An incorrect News Ltd media report that Victoria proposes introducing hi-vis for all riders has caused some level of social media panic in the riding community.
Riders have been sharing the inaccurate reports which were lifted from the “Road Safety Regulations 2019 summary paper for consultation”.
So, for a start, it’s only a proposal at this stage.
The sentence lifted out of context is “Driving a motorcycle without a securely fitted and fastened high visibility vest of jacket”.
It is under a section that suggests introducing demerit points for the offence.
Learner riders have been required to wear hi-vis vests in Victoria from some years now. The proposal only adds a demerit point.
The erroneous News Ltd articles have been shared on social media causing panic among Victorian and interstate riders amid threats to protest.
Victorian Motorcycle Exports Advisory Panel member Dean Marks says there was a similar social media response when hi-vis for learners was proposed.
However, he points out that “the riding community sat on their collective thumbs” and only a small number turned out at a rally against the changes.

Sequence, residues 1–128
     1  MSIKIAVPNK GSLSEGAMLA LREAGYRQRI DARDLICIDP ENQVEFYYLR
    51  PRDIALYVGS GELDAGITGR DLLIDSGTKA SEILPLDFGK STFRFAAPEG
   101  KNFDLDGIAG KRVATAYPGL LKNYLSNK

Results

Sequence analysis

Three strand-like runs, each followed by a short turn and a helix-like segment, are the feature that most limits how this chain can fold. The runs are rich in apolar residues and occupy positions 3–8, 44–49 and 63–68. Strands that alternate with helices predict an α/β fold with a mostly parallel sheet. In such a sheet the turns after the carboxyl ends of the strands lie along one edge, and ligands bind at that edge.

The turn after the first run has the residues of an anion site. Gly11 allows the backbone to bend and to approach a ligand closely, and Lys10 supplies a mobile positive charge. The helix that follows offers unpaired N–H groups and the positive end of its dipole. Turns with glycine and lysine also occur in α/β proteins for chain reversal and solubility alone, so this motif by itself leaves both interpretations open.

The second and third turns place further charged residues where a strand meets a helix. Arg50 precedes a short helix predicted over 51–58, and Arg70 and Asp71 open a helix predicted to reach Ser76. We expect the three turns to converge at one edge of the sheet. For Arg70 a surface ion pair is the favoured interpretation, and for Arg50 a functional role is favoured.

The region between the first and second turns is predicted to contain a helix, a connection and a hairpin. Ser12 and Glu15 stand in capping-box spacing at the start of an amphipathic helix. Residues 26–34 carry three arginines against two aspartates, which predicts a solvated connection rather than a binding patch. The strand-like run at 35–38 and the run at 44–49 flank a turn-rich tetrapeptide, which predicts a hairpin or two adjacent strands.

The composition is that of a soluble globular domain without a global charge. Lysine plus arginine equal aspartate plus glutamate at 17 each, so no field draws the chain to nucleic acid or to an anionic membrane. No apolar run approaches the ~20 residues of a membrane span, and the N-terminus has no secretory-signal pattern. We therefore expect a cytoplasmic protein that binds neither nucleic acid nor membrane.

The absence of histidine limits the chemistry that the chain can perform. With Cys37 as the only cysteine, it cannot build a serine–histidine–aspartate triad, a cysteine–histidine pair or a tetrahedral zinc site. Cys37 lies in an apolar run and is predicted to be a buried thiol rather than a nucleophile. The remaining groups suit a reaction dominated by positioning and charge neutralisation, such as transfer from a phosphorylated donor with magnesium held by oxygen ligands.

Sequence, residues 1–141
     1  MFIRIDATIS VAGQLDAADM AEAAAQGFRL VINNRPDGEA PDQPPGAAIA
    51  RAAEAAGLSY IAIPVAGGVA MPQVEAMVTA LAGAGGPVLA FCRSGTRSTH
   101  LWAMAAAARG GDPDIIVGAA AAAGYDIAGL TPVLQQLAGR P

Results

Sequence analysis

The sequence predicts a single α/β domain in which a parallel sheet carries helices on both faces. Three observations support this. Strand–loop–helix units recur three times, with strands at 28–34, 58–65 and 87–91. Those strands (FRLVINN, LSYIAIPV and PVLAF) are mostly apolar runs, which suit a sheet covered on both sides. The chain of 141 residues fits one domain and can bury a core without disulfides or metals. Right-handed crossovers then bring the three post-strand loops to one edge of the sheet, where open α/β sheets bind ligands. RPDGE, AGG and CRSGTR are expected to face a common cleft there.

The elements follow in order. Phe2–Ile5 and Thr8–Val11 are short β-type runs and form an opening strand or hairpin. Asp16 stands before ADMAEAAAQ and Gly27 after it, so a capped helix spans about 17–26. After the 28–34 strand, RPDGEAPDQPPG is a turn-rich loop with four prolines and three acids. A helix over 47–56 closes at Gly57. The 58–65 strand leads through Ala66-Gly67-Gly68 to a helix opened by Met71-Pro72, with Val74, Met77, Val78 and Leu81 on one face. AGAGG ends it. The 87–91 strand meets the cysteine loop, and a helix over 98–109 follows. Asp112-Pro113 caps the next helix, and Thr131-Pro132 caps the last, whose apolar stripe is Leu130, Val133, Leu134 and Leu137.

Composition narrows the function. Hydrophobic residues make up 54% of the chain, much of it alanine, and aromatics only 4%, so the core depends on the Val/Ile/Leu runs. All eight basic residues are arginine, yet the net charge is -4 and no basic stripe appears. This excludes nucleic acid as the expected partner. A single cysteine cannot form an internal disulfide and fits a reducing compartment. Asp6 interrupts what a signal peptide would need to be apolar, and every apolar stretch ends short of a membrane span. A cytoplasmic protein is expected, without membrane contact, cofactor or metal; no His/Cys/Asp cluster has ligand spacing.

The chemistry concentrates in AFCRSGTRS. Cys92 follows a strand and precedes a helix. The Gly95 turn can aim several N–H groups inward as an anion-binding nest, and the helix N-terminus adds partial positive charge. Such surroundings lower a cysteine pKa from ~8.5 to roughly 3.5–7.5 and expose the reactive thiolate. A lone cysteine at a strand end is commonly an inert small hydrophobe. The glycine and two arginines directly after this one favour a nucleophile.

Dean blames infighting among “fractured” rider representative groups in the state for the apathy.
While the Victorian Government is not proposing hi-vis for all riders, many consider it may be on the agenda in future.
In 2015, France introduced a rule where riders have to carry a hi-vis vest to wear during a breakdown.
Meanwhile, the South Australian Government is considering following Victoria with hi-vis for novice riders.
This is despite the road toll in Victoria rising in the past four years since introducing hi-vis vests which seems to indicate the increased motorcycle conspicuity of a hi-vis vests has had no beneficial effect.
University of Melbourne’s Chair of Statistics, Prof Richard Huggins, says his review of several studies on motorcycle conspicuity and “look but fail to see” (SMIDSY – Sorry, Mate I Didn’t See You) accidents casts “sufficient doubt” on the effectiveness of hi-vis.
He has previously called for a repeal of the Victorian mandatory requirement.